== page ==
My new computer runs XP Pro, and as part of the process of moving things over from my old machine, I saved my Netscape profile folder, knowing that after installing Netscape on the new system, I could re-insert my profile and thus start over where I left off. I have done this before when reformatting, re-installing, etc., and it's never been an issue. I burned the profile to a CD, which makes the profile and its various subfolders read-only, even after copying it to the desktop of my new machine. The profile cannot be read-only to work in the new installation of Netscape, so typically make sure that all of the various sub-folders and files in the profile have this option under Properties/Attributes unchecked before I try to use them.
The problem? Read-Only won't stay unchecked. I can right-click on a folder and select Properties, uncheck "Read Only" under Attributes, and select the option that says "Apply changes to this folder, subfolders, and files". I click OK and OK again. Everything's copacetic, right? Except that when I right-click on the folder again and select properties, the folder's back to being read-only. I am totally mystified.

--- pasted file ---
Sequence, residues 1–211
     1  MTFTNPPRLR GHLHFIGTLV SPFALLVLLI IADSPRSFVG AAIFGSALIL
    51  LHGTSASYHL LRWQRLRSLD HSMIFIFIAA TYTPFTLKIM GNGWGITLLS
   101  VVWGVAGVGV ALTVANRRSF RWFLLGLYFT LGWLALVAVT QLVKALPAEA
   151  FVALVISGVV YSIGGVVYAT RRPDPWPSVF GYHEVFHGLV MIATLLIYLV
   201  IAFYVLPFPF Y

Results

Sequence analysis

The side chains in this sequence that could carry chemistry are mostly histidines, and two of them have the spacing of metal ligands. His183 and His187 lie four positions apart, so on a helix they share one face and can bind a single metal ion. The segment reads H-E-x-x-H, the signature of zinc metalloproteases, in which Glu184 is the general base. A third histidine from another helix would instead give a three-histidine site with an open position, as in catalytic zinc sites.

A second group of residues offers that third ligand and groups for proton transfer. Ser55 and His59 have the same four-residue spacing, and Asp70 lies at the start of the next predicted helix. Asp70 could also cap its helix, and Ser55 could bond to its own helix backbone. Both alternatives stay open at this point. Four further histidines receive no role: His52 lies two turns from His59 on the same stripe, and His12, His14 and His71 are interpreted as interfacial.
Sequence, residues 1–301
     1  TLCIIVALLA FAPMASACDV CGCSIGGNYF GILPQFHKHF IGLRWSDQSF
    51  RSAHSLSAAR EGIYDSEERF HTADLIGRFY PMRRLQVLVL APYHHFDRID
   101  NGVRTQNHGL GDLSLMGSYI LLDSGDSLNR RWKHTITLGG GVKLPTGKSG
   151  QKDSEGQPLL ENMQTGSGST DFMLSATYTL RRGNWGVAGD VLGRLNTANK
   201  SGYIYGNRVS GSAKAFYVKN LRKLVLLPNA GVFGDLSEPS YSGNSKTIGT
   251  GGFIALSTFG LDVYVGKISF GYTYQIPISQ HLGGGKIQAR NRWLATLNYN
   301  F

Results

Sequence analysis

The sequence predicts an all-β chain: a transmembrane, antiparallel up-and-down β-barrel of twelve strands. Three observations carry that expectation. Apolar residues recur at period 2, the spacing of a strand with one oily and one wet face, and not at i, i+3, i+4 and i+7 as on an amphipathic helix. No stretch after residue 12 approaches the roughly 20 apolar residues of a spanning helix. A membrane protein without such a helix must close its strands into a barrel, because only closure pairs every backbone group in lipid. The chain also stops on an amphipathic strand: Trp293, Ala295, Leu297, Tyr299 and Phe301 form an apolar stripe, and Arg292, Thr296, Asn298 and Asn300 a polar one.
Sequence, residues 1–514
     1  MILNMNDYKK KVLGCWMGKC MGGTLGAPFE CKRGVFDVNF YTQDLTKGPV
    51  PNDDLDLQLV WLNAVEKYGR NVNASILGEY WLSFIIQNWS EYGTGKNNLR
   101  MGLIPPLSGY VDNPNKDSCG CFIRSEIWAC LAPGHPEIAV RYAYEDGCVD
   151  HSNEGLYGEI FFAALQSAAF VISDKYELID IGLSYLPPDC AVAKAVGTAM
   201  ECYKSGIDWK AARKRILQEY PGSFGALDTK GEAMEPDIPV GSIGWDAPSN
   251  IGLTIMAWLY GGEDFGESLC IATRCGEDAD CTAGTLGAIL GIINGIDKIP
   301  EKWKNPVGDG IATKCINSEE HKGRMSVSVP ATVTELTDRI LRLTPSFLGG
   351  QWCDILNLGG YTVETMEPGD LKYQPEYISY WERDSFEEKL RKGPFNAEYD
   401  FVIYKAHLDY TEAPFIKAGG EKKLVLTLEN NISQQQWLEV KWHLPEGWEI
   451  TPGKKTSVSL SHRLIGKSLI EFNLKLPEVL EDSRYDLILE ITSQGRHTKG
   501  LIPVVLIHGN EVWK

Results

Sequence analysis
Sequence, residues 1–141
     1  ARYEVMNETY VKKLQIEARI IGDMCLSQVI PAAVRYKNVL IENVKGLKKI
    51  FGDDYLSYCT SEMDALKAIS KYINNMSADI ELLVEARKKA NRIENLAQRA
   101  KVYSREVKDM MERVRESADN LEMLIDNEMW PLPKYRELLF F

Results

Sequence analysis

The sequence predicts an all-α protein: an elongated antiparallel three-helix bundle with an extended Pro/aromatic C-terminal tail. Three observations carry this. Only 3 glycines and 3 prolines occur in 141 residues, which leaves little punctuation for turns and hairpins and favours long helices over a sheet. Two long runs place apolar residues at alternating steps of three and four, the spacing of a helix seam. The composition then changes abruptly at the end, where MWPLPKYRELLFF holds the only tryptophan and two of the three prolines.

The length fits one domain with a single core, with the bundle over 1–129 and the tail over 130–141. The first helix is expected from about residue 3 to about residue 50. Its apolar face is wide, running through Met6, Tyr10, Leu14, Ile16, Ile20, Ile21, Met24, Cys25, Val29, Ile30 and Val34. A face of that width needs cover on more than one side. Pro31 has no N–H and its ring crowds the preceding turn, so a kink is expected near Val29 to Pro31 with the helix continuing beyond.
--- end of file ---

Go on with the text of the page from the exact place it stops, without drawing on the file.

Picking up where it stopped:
Could this be somehow related to XP Pro's security or sharing rules?
I don't think so. If you dont have the right rights, you wouldn't be able to access the files either. Further if you log on as administrator, rights shouldn't be an issue.
However, to restore/reset rights, try the following. Right click on the root folder. Select sharing/security. Got to the security tab and click advanced. Check 'Replaced permission entries ...' and then 'Apply'. To change the owner, click on the 'Owner' tab and check 'Replace owner on...' and then click 'Apply'
hope this helps.
<i><b>Engineering is the fine art of making what you want from things you can get</b></i>
Winxp can be really funny with rights and file attributes etc. Just use the attrib command to change the attributes of the files.
<b><font color=red>"They that can give up essential liberty to obtain a little temporary safety deserve neither liberty nor safety."</font color=red><font color=blue> - Benjamin Franklin</font color=blue></b>